Meanwhile, it was established in the late nineteenth century that people have wildly different experiences when it comes to visualisation, with some people being able to picture things in their minds and others completely unable to form an image in their head at all — and most people just assuming that everyone else’s brain works like theirs.
And this is something that trips autistic people up all the time. As children, and for some of us even as adults, we make the same assumptions that the way we experience reality is the same way everyone else does — I was quite shocked when I finally realised in my twenties that not everyone is constantly aware, at all times, of the pressure of their toenails on their toes, for example — but we are also usually constantly reminded that this is not the case. The idea that other people have very different experiences is one that comes naturally to most of us.
But most neurotypicals don’t have that constant barrage of reminders that other people’s brains differ from their own, and so in my experience they’re likely to assume that anyone claiming to think or feel differently from them is lying and probably malicious.
At one end, this can be as simple and relatively harmless as the person I remember saying on a message board once “you can pretend all you like that you don’t like Bon Jovi, but if you say you’ve never got drunk and sung along to [insert Bon Jovi song whose name I can’t remember] you’re a liar” (I have never got drunk *or* sung a Bon Jovi song, let alone both at once). But when that neurotypicality comes into conflict with experiences that matter, it can be deadly.
And here’s where we get to gender, and where I worry that I’m straying out of my lane. But this is the best understanding of TERFery I’ve been able to form…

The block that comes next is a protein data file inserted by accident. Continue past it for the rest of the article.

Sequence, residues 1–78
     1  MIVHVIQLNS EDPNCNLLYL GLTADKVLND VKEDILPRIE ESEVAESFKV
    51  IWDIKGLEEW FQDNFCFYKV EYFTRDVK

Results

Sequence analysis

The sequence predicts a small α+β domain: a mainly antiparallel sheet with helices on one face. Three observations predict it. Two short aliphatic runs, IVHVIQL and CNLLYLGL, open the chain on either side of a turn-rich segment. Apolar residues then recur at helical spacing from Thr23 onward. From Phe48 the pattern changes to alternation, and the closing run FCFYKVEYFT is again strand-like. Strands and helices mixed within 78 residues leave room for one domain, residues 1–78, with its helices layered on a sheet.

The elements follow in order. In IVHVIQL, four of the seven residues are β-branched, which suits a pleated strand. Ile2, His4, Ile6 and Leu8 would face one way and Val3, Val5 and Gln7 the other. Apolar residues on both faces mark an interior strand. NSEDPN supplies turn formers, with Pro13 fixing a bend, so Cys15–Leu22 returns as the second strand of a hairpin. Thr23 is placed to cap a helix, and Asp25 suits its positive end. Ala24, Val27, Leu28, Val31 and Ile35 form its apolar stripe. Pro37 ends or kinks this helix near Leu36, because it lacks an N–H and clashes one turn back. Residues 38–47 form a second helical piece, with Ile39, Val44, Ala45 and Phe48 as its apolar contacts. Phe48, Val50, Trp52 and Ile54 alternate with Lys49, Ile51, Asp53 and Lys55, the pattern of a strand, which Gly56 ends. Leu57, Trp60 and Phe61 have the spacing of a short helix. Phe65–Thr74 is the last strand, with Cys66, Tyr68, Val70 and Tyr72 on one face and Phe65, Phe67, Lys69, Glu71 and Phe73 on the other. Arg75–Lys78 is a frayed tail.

I have no sense of gender. I don’t even understand what it would be to have a sense of gender. This may be because I’m a cis straight man, and while I don’t perform masculinity in the Top Gear-watching, beer-drinking, football-supporting sense, my interests and the way I relate to them are ones that most people can understand as masculine ones (for example I do fandom mostly in the collecting-all-the-facts way other men do rather than the creative subversion way many women do, even though I think the latter is objectively better). So I may not have a sense of gender in the same way that fish have no sense of water — I’m the default, and that’s the end of the matter.
Or it may be that there’s some macro-scale component of my brain that is actually different from other people’s, and I’m actually not physically capable of feeling gendered — that were I to wake up tomorrow in a body with a different set of sexual characteristics, I’d just think “oh, that’s interesting” and carry on as normal.
Either is, from my internal point of view, entirely plausible — but either way, I do not know what it means to “feel male” or “feel female” or “feel nonbinary” or anything else.